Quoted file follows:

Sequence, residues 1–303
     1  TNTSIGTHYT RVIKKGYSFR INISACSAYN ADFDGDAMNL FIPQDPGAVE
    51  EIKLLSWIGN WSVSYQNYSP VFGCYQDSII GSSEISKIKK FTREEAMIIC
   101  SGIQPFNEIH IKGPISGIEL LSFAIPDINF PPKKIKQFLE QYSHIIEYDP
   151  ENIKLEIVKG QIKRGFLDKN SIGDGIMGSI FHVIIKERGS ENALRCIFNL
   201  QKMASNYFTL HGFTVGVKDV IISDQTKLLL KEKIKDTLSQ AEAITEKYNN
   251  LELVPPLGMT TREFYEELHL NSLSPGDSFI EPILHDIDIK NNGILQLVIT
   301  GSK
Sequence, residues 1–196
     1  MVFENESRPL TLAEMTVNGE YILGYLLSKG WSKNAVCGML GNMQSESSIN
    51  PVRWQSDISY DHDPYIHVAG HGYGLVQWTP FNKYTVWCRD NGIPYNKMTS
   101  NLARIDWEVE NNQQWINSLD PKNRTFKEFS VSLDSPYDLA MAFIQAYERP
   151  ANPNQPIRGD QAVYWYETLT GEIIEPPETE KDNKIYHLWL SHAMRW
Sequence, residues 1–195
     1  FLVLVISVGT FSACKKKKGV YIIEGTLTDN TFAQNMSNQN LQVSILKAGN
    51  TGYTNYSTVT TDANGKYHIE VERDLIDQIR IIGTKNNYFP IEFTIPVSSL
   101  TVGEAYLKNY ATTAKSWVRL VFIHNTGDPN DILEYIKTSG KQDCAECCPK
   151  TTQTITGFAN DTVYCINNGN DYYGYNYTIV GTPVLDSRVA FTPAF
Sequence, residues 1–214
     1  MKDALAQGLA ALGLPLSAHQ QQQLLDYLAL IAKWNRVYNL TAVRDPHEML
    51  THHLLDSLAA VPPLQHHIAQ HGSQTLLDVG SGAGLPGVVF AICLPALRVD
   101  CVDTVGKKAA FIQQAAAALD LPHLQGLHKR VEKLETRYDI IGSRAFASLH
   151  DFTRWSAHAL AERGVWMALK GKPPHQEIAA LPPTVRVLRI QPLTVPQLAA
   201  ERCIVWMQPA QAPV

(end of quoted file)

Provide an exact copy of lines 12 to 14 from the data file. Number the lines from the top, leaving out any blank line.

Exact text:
   101  NLARIDWEVE NNQQWINSLD PKNRTFKEFS VSLDSPYDLA MAFIQAYERP
   151  ANPNQPIRGD QAVYWYETLT GEIIEPPETE KDNKIYHLWL SHAMRW
Sequence, residues 1–195